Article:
Connive Nation

When Live Nation, the giant of the concert promotion business, and Ticketmaster, which dominated the performance booking business, proposed to merge in 2008, antitrust regulators thought it would be sufficient to require some concessions from the firms.

The Justice Department and state attorneys general gave their blessing to the deal in exchange for an agreement by Ticketmaster to license its ticket software to a competitor, to sell a subsidiary, and to promise not to engage in various anti-competitive practices.

Christine Varney, Assistant Attorney General in charge of the Department of Justice’s Antitrust Division, declared: “The Department of Justice’s proposed remedy promotes robust competition for primary ticketing services and preserves incentives for competitors to innovate and discount, which will benefit consumers. The proposed settlement allows for strong competitors to Ticketmaster, allowing concert venues to have more and better choices for their ticketing needs, and provides for anti-retaliation provisions, which will keep the merged company in check.”

That’s not exactly what happened. The merged company, Live Nation Entertainment, was accused by DOJ of repeatedly violating the agreement. In 2019 DOJ extended the court order under which it was overseeing Live Nation for another five years—which hardly seemed like an adequate way to rein in a company that was apparently flouting the commitments it had made.

Now DOJ is finally moving to undo its original mistake of allowing the merger. It and a group of state AGs have filed a lawsuit accusing Live Nation of operating as an illegal monopoly and calling for its dismantlement. Attorney General Merrick Garland charged that the company’s anti-competitive practices harm fans, artists, smaller promoters, and venue operators: “The result is that fans pay more in fees, artists have fewer opportunities to play concerts, smaller promoters get squeezed out, and venues have fewer real choices for ticketing services.”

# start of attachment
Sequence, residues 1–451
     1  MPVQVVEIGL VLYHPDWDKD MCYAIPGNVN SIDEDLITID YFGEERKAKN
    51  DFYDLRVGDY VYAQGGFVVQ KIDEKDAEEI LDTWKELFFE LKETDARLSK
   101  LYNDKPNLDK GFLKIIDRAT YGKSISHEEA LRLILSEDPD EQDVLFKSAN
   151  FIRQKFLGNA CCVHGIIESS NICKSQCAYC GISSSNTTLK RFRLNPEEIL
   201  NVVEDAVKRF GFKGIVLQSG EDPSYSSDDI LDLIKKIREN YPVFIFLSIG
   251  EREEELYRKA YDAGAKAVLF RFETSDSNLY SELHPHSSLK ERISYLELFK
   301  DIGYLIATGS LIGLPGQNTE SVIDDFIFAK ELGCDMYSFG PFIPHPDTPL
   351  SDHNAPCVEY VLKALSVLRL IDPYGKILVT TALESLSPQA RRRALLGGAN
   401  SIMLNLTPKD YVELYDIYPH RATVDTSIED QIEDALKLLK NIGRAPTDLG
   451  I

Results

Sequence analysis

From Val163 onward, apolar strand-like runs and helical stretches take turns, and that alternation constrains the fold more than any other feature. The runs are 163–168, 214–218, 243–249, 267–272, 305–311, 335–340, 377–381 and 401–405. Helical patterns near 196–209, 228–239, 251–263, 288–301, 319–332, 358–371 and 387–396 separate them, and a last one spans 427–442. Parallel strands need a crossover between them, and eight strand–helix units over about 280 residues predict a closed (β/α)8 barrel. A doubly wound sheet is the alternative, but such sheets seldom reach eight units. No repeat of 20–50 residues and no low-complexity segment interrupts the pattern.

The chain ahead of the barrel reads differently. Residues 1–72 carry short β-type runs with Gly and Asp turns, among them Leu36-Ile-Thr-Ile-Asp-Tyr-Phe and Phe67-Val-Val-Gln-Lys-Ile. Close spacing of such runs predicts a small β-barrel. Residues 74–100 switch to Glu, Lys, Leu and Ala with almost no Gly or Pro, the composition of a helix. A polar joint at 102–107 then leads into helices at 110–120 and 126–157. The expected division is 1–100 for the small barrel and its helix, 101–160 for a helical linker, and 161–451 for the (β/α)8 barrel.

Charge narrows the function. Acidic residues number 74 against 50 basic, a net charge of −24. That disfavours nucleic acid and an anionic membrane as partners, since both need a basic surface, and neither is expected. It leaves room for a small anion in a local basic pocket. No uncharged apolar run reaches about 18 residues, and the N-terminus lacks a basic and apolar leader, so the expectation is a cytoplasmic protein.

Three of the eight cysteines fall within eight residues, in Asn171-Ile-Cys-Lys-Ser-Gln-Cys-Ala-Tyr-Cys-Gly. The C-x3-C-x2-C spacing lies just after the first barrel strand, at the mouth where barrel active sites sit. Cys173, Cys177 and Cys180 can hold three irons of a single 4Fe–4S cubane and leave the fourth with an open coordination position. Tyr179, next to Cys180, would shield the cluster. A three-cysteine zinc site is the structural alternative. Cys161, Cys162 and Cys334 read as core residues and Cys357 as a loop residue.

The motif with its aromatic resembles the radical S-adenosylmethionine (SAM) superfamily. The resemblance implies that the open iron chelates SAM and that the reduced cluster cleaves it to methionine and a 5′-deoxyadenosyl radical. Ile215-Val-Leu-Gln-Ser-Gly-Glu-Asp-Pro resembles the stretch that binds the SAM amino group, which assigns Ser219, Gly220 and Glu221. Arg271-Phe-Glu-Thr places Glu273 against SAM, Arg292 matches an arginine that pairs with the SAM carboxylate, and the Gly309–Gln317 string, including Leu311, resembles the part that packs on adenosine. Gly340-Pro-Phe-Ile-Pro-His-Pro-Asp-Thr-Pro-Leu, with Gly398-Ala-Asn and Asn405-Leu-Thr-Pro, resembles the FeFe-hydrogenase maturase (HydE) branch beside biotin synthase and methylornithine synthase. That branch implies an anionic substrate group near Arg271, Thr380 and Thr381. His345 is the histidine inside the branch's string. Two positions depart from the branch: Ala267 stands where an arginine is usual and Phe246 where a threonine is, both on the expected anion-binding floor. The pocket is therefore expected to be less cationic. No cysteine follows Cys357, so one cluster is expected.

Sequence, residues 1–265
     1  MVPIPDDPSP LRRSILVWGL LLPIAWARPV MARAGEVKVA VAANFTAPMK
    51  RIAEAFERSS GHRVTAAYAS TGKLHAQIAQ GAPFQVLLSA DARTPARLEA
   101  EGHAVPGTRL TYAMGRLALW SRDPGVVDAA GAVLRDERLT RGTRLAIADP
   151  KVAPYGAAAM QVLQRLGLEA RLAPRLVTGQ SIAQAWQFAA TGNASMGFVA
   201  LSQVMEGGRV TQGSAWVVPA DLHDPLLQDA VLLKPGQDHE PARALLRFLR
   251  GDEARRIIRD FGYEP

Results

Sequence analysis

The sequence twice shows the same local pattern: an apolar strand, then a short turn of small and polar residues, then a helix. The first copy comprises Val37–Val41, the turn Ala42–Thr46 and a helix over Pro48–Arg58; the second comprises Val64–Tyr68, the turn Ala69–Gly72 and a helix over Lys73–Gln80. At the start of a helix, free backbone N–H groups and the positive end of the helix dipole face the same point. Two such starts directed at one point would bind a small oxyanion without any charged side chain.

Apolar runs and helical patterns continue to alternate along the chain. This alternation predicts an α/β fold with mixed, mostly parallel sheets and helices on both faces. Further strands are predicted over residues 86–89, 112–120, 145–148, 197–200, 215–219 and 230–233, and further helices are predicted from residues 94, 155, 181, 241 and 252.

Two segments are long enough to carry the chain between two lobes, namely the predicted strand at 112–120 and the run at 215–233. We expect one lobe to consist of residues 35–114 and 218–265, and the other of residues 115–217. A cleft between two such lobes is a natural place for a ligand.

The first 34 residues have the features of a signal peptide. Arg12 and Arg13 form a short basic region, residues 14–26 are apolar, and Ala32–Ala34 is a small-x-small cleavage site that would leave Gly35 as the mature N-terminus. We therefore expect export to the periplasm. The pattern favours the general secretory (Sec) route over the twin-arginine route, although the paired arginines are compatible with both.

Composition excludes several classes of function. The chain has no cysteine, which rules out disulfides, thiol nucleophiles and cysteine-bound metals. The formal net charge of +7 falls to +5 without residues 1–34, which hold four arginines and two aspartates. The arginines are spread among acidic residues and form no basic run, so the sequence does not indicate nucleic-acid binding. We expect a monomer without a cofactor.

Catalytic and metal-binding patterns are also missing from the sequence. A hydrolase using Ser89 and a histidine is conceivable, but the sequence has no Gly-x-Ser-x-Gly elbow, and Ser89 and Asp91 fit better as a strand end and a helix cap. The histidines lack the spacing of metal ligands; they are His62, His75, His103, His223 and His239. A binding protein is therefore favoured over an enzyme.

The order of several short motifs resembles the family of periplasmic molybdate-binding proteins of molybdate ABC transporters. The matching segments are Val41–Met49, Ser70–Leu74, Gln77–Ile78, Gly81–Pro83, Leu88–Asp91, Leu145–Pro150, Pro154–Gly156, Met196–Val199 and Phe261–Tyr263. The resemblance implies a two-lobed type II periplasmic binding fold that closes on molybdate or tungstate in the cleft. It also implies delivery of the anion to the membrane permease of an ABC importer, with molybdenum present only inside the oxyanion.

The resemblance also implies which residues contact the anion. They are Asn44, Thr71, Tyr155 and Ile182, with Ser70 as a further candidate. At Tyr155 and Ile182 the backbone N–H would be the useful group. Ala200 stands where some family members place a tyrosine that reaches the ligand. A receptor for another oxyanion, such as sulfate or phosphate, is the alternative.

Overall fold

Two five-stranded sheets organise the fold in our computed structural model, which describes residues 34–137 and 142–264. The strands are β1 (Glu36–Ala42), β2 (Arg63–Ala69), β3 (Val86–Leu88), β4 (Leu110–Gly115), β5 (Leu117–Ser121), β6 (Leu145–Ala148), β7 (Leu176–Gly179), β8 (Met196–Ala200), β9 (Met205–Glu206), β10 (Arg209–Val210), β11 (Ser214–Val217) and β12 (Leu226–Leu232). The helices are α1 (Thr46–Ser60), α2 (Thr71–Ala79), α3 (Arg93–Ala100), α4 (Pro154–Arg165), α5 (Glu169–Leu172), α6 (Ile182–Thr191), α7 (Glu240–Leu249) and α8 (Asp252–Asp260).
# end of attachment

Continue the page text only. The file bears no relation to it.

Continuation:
Along with these economic impacts, Live Nation has been frequently embroiled in regulatory actions and class action lawsuits alleging a variety of misconduct. Violation Tracker documents a slew of such cases in which the company has paid tens of millions of dollars in fines and settlements. They include:

A $71 million settlement with the Arizona Attorney General to resolve allegations it failed to provide refunds for live events that were cancelled, postponed, or rescheduled due to the COVID-19 pandemic.

A $42 million settlement of a class action alleging it overcharged customers for delivery and processing fees.

A $23 million settlement of a class action alleging it misled customers into joining a costly online coupon service.

A $19 million settlement of a class action alleging it misled customers into purchasing tickets from a companion website that charged more than the face value.

There is even a criminal case in the mix. The Ticketmaster portion of Live Nation was accused by federal prosecutors in New York of improperly accessing the computer system of a competitor. The company was able to resolve the matter in 2020 by entering into a deferred prosecution agreement and paying a $10 million fine.  

If the DOJ is successful in its current lawsuit, the result could be greater competition as well as fairer practices in the live event industry.